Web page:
We adopt a JFDI policy regarding adding proposals to CommonJS.
As long as the page makes the level of acceptance clear with a line at the top, it's not a problem.
State 1: "Proposed"
"Hay guys, I have an idea for a topic!"
Don't say it, just do it. Add a page to the wiki describing your proposal.
Bonus points if you can point at working code. It's not always prudent to implement something complicated before discussing with the group, since it might be misguided and difficult, but at the very least, rough sketch/prototype/proof of concept often helps crystallize the discussion.
Congratulations. You own the idea now. You're responsible for maintaining the wiki page, counting votes, starting the discussion, etc.
If it's not worth it to you to do the work, then it's probably not important enough to be in the spec. This ensures that all ideas need to get over a bit of a hump to get accepted.
State 2: "Discussion"
"Let's talk about my idea!"
Send a message to CommonJS with a link to the wiki page. We'll talk about it, build all kinds of bike sheds.
This should last at least a few days, or however long necessary to flesh out any dissenting opinions. People start weighing in with their votes.
If you have an opinion, share it now. If you don't care one way or the other, then stay out of it.
Silence is not consent.
Some discussion must occur for the idea to progress to "official accepted" status. If someone suggests something, and no one responds, then the idea remains open indefinitely.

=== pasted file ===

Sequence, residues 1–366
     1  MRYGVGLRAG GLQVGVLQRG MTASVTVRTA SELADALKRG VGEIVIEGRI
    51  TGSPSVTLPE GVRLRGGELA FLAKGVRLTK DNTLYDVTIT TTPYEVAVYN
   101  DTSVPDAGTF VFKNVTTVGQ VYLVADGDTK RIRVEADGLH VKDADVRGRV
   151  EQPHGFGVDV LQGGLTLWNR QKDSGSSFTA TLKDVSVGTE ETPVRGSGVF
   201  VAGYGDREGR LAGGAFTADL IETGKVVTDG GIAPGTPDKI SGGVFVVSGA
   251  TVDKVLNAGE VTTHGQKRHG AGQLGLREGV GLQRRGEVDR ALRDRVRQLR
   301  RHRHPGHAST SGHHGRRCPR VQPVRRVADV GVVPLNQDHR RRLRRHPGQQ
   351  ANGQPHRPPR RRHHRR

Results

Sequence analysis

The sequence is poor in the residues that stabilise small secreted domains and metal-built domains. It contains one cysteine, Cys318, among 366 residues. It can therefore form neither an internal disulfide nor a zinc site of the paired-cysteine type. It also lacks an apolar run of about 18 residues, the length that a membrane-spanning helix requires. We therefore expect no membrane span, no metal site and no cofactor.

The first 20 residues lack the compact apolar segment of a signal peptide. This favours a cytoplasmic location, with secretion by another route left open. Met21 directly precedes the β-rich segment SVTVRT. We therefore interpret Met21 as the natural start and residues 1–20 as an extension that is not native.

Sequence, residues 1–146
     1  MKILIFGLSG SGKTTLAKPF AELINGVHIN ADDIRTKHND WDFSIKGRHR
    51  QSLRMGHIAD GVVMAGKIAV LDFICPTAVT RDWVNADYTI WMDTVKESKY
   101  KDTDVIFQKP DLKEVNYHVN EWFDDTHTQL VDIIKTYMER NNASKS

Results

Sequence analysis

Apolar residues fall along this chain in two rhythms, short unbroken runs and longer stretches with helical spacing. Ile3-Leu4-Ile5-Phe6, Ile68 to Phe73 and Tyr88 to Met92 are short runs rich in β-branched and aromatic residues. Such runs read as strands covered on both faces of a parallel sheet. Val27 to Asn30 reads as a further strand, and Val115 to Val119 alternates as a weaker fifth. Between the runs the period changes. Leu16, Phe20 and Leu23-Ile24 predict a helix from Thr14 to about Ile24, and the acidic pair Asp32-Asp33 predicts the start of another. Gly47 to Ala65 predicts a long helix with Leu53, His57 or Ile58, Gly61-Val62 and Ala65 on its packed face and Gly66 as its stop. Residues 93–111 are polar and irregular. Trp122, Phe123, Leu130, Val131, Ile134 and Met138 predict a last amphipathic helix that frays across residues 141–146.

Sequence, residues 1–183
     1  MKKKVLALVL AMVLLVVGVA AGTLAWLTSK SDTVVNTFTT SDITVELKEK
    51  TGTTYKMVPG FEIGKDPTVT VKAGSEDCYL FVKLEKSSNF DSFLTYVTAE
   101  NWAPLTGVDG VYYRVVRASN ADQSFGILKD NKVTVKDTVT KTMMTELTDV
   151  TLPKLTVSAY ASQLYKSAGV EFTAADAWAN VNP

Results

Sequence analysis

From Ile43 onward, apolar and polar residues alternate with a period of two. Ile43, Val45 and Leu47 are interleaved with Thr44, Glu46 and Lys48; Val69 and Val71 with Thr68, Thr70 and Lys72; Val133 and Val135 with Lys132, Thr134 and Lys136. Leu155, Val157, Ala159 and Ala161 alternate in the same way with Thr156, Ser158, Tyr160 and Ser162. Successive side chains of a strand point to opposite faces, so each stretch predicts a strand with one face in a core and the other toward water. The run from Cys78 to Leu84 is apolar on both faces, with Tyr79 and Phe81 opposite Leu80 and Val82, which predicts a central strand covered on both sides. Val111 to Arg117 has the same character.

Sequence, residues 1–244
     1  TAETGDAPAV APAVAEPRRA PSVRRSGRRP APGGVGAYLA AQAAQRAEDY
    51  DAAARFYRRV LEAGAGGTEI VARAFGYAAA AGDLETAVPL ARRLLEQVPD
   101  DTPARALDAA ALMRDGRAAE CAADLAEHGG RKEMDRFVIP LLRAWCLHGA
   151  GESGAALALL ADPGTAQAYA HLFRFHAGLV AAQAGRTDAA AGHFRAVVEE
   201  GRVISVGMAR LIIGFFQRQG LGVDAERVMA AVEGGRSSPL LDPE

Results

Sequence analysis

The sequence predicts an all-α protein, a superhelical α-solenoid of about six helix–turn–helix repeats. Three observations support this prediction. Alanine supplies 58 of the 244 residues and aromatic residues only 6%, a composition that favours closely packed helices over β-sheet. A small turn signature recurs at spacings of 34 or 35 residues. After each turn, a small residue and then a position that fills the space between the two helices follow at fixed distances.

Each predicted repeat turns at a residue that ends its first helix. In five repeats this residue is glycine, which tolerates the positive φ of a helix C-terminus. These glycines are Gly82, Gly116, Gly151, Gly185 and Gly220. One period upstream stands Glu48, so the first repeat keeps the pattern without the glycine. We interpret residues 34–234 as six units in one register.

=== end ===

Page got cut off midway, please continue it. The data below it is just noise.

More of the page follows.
If you suggest something, and no one else speaks up in favor of it, that doesn't mean it's a bad idea. However, this is probably something that you should just put in your own application, and it most likely does not belong in the CommonJS specification. This bit of inertia prevents us from building specifications no one wants.
The flip side of this: if someone suggests something, and you think it's a good idea, Speak up!
Unanimity is Suspect
There may be cases when everyone involved in the discussion is in favor of the proposal. This probably means that someone's voice isn't being heard.
In the case of a completely one-sided discussion, make some effort to figure out who might be against it, and try to ping them directly, or at least wait until they weigh in on it before considering the issue closed. It could be that they didn't feel strongly in the first place, or that they've been swayed by the arguments from the other side. But there was probably a reason for their initial resistance, and it should be heard.
State 3: "Decided"
"We're talking in circles and here are the major ideas:..."
Someone count the votes, and we make a decision. Update the wiki page to the latest decision.
Note that a simple vote count doesn't necessarily imply a decision. If 15 people decide that it's a good idea to do something, and the 2 people who maintain that code rebut with valid reasons why it's impossible or impractical, then the 2 should outweigh the 15, and perhaps propose some kind of alternative to meet their needs.
State 4: "Implemented"
At least a handful of the relevant projects have implemented the spec. Add links to implementations to the wiki page. At this point, it's considered final, and can only be changed by restarting this process.
A proposal only reaches this state by virtue of being implemented in more than one library. At this point, it is considered a standard, and implementers can rest assured that it will not change without good reason.